Re: Restore professional licenses of thirty-two lawyers
To: U Tun Tun Oo, Chief Justice, Office of the Supreme Court
From: LRWC and Lawyers for Lawyers
Lawyers Rights Watch Canada (LRWC) is a committee of lawyers who promote human rights and the rule of law internationally. LRWC also engages in international human rights research and education and works in cooperation with other human rights organizations in several parts of the world. LRWC has Special Consultative status with the Economic and Social Council of the United Nations. Lawyers for Lawyers (L4L) is an independent Dutch foundation operating on a worldwide scale. The foundation has a board of directors consisting of lawyers, human rights specialists and an executive director.
LRWC and L4L have been following current statements and efforts of the government of the Union of Myanmar towards reform and respect for human rights. We draw your attention to the processes of revocations of lawyers’ licenses in circumstances that suggest violations of international human rights standards and the rule of law. We understand that at least thirty-two lawyers (named below) have had their licenses revoked in judicial hearings that were held in private, without proper representation, and without adherence to the required procedures of the Bar Council Act, the Legal Practitioners Act and the Courts Manual. It is also reported that the revocations of these lawyers’ licenses were motivated not by any breaches of professional codes of conduct, but by the lawyers’ political activities, their representation of clients accused in political cases, or by convictions on these latter two factors. To prevent a lawyer from practicing law based either on the lawyer’s real or suspected political opinions or on the lawyer’s representation of clients or causes unpopular to the government violates international standards. In this case, the freedom of expression, freedom to participate in political affairs, and the freedom to vigorously represent clients free from interference, harassment, or reprisals from state agents or others appear to have been violated.
The names of the lawyers (licence numbers in brackets) whose licenses to practice law have been revoked are as follows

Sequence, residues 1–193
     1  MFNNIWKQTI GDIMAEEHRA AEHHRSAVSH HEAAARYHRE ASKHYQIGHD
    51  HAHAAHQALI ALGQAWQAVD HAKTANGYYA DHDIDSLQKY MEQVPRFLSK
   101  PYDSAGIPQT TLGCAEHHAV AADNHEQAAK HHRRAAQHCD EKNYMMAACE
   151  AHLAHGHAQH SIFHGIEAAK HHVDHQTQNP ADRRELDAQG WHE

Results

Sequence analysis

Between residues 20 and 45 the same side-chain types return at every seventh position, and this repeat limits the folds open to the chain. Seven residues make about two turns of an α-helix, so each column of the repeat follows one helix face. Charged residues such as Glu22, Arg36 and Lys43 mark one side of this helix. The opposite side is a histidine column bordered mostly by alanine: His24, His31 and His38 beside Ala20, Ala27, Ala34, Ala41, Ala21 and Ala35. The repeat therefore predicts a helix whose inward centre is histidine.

SUPREME COURT ADVOCATES
1. U Aye Myint (4377)
2. U Myint Than (2639)
3. U Har Mar Nyunt (1756)
4. U Myint Htay (1827)
5. U Khin Maung Thein (2694)
6. U Thaung Myint
7. Daw Khin San Hlaing (4203)
8. U Kyi Win (1506)
9. U Htay (3860)
10. U Khin Maung Thant (1784)
11. U Thein Than Oo (3695)
12. U Sein Nyo Tun (3978)
13. U Aung Thein (2703)
14. U Khin Maung Shein (4660)
15. U Robert Sann Aung (2469)
16. U Saw Hlaing (4666)
17. Daw Tin Htwe Mu (1447)
18. U Saw Htun (2791)
19. U Htun Htun Han
20. Thura U Tin Oo
21. U San Ni Tin Pe
22. U Aye Myint (Guiding Star) (4821)
23. U Myat Hla (1154)
24. Daw Hla Myint
25. “BBC” U Ne Min (2090)
HIGHER GRADE PLEADERS
1. Daw Ohn Kyi (6764)
2. U Aung Kyi Nyunt (3710)
3. U Htun Oo (11942)
4. U Nyi Nyi Htwe (24702)
5. Saw Kyaw Kyaw Min (28261)
6. Ko Phyo Phyu / Yan Naing Aung
7. U Tin Aung Tun (21483)
Myanmar, as a member of the United Nations since its inception in 1948, is bound by the terms of the UN Charter which includes “promoting and encouraging respect for human rights and for fundamental freedoms for all…” Myanmar also has the obligation to ‘promote and encourage respect for human rights and for fundamental freedoms for all…’and to uphold the freedoms guaranteed by the Universal Declaration of Human Rights which states in Article 8: “Everyone has the right to an effective remedy by the competent national tribunals for acts violating the fundamental rights granted him by the constitution or by law.”
The Union of Myanmar is legally bound by customary international law which includes the obligation to ensure impartiality of courts and tribunals.